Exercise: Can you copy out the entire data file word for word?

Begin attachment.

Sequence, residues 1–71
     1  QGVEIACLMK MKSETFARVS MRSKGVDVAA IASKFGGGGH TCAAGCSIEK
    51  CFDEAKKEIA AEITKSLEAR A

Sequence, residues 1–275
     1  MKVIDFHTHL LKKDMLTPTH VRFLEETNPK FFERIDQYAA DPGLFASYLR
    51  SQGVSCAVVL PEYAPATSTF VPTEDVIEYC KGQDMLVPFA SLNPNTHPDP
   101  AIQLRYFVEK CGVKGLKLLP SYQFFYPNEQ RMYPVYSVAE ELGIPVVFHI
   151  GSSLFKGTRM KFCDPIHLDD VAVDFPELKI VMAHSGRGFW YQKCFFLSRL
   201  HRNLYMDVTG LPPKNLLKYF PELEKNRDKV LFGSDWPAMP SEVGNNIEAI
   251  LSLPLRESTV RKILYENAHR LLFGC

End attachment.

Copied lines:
Sequence, residues 1–71
     1  QGVEIACLMK MKSETFARVS MRSKGVDVAA IASKFGGGGH TCAAGCSIEK
    51  CFDEAKKEIA AEITKSLEAR A

Sequence, residues 1–275
     1  MKVIDFHTHL LKKDMLTPTH VRFLEETNPK FFERIDQYAA DPGLFASYLR
    51  SQGVSCAVVL PEYAPATSTF VPTEDVIEYC KGQDMLVPFA SLNPNTHPDP
   101  AIQLRYFVEK CGVKGLKLLP SYQFFYPNEQ RMYPVYSVAE ELGIPVVFHI
   151  GSSLFKGTRM KFCDPIHLDD VAVDFPELKI VMAHSGRGFW YQKCFFLSRL
   201  HRNLYMDVTG LPPKNLLKYF PELEKNRDKV LFGSDWPAMP SEVGNNIEAI
   251  LSLPLRESTV RKILYENAHR LLFGC